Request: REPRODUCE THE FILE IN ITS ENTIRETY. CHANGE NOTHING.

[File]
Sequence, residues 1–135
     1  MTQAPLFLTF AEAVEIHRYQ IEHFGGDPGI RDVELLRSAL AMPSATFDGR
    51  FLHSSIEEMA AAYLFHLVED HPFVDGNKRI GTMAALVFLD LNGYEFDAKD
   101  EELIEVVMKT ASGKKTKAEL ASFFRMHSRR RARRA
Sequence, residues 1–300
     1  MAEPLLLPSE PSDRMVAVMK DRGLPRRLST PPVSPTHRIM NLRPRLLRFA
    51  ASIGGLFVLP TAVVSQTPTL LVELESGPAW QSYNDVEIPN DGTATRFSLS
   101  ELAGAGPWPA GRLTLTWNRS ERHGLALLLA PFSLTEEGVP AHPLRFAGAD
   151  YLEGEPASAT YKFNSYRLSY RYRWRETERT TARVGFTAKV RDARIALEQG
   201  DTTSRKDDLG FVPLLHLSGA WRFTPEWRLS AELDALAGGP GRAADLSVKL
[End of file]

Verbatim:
Sequence, residues 1–135
     1  MTQAPLFLTF AEAVEIHRYQ IEHFGGDPGI RDVELLRSAL AMPSATFDGR
    51  FLHSSIEEMA AAYLFHLVED HPFVDGNKRI GTMAALVFLD LNGYEFDAKD
   101  EELIEVVMKT ASGKKTKAEL ASFFRMHSRR RARRA
Sequence, residues 1–300
     1  MAEPLLLPSE PSDRMVAVMK DRGLPRRLST PPVSPTHRIM NLRPRLLRFA
    51  ASIGGLFVLP TAVVSQTPTL LVELESGPAW QSYNDVEIPN DGTATRFSLS
   101  ELAGAGPWPA GRLTLTWNRS ERHGLALLLA PFSLTEEGVP AHPLRFAGAD
   151  YLEGEPASAT YKFNSYRLSY RYRWRETERT TARVGFTAKV RDARIALEQG
   201  DTTSRKDDLG FVPLLHLSGA WRFTPEWRLS AELDALAGGP GRAADLSVKL